Early spring means more bat girls

May 5, 2012

There must be something in the warm breeze. A study on bats by a University of Calgary researcher suggests that bats produce twice as many female babies as male ones in years when spring comes early.

The earlier in the spring the births occur, the more likely the females are to survive and then reproduce a year later, as one-year olds, compared to later-born pups, according to Dr. Robert Barclay's research published in PLoS ONE.

"The early-born females are able to reproduce as one year olds, whereas male pups can't," explains Barclay, professor in the Department of Biological Sciences at the University of Calgary.

"Thus, natural selection has favoured internal mechanisms that result in a skewed sex ratio because mothers that produce a daughter leave more in the next generation than mothers who produce a son."

The length of the growing season has an impact on the ratio of female to male offspring and the time available for female pups to reach , the study found. This suggests that not only does sex-ratio vary seasonally and among years, but it also likely varies geographically due to differences in season length.

Barclay analyzed long-term data on the variation in offspring sex-ratio of the big , Eptesicus fuscus, a common North-American species that consumes insects.

"In this species, more eggs are fertilized than eventually result in babies, so there is some mechanism by which a female embryo is preferentially kept and male are resorbed early in pregnancy," says Barclay. But, he adds, the biochemistry behind the skewed sex ratio is unknown.

"Some other mammals and some birds have the ability to adjust the of their offspring," says Barclay. "Even human-baby ratios vary—there is a study showing that billionaires produce more sons than daughters, for example."

This is the first long-term study on sex ratios in bats, says Barclay and it "suggests some pretty interesting physiology."

Explore further: Female birds boost up their eggs when hearing sexy song

Related Stories

Female birds boost up their eggs when hearing sexy song

June 8, 2006

In a new study published in the latest issue of Ethology researchers show that female songbirds can alter the size of eggs and possibly the sex of their chicks according to how they perceive their mate’s quality.

Female Birds Boost Up Their Eggs When Hearing Sexy Song

July 17, 2006

In a new study published in the latest issue of Ethology researchers show that female songbirds can alter the size of eggs and possibly the sex of their chicks according to how they perceive their mate's quality. The researchers ...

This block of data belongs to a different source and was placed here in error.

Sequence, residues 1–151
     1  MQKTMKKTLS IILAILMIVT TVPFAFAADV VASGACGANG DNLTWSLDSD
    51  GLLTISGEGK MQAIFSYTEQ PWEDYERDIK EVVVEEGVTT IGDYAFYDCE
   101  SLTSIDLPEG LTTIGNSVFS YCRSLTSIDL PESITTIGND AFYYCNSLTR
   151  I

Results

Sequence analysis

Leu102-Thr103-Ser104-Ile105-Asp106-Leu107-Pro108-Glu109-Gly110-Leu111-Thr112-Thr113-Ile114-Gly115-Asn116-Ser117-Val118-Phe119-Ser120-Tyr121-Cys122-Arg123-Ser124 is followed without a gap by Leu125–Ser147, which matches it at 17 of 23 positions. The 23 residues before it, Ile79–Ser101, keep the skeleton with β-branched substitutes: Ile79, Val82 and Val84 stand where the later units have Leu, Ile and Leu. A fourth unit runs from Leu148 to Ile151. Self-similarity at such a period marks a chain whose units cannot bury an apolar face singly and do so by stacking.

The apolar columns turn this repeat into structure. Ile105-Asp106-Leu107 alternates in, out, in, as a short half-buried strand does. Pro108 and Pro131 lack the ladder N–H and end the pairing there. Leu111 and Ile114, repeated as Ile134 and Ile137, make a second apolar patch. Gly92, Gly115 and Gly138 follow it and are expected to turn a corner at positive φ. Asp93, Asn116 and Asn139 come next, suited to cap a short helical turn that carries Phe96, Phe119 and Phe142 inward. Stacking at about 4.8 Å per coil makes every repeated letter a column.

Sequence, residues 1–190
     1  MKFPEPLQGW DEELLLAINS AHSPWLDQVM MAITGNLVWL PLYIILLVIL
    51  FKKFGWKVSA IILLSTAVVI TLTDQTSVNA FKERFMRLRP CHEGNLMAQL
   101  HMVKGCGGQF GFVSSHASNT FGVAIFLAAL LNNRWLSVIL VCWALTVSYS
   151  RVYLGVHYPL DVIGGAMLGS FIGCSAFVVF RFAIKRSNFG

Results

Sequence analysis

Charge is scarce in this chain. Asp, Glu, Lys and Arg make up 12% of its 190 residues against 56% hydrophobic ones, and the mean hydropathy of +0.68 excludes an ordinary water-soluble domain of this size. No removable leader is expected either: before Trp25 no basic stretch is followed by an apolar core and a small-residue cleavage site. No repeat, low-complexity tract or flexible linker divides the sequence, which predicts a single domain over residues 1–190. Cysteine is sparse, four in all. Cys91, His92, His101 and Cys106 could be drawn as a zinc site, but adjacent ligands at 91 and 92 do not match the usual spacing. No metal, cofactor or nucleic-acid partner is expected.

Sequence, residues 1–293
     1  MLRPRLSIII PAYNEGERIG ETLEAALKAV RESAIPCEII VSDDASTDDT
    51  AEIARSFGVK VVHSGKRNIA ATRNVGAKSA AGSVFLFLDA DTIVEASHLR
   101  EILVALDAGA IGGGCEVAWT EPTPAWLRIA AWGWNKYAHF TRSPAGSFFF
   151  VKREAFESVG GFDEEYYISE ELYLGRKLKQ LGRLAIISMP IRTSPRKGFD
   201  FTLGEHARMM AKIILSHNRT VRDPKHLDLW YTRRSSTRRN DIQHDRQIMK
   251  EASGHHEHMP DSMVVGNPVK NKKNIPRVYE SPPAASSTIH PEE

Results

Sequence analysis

Researcher finds Laysan albatross employs 'dual mommies'

May 28, 2008

What's a girl to do if there's a shortage of males and she needs help raising a family? The Laysan albatross employs a strategy called reciprocity, where unrelated females pair together and take turns raising offspring.

Manipulative mothers subdue show-off sons

September 12, 2011

The gaudy plumage and acrobatic displays of birds of paradise are a striking example of sexual selection, Charles Darwin's second great theory of evolution. But new research shows that this powerful process may collapse when ...

Recommended for you

Cuing environmental responses in fungi

May 26, 2016

Fungi can sense environmental signals and react accordingly, changing their development, direction of growth, and metabolism. Sensory perception lies at the heart of adaptation to changing conditions, and helps fungi to improve ...

Bacterial diversity in soils was shaped by ice ages

May 26, 2016

From a pharmaceutical perspective, few microbes have been as valuable as Streptyomyces: This genus of bacteria is the source of 80 percent of antibiotics in use today. A new study of its distribution in North American soils ...

Is aging inevitable? Not necessarily for sea urchins

May 25, 2016

Sea urchins are remarkable organisms. They can quickly regrow damaged spines and feet. Some species also live to extraordinary old ages and—even more remarkably—do so with no signs of poor health, such as a decline in ...

Why fruit fly sperm are giant

May 25, 2016

In the animal kingdom, sperm usually are considerably smaller than eggs, which means that males can produce far more of them. Large numbers of tiny sperm can increase the probability of successful fertilization, especially ...

0 comments

Please sign in to add a comment. Registration is free, and takes less than a minute. Read more

Click here to reset your password.
Sign in to get notified via email when new comments are made.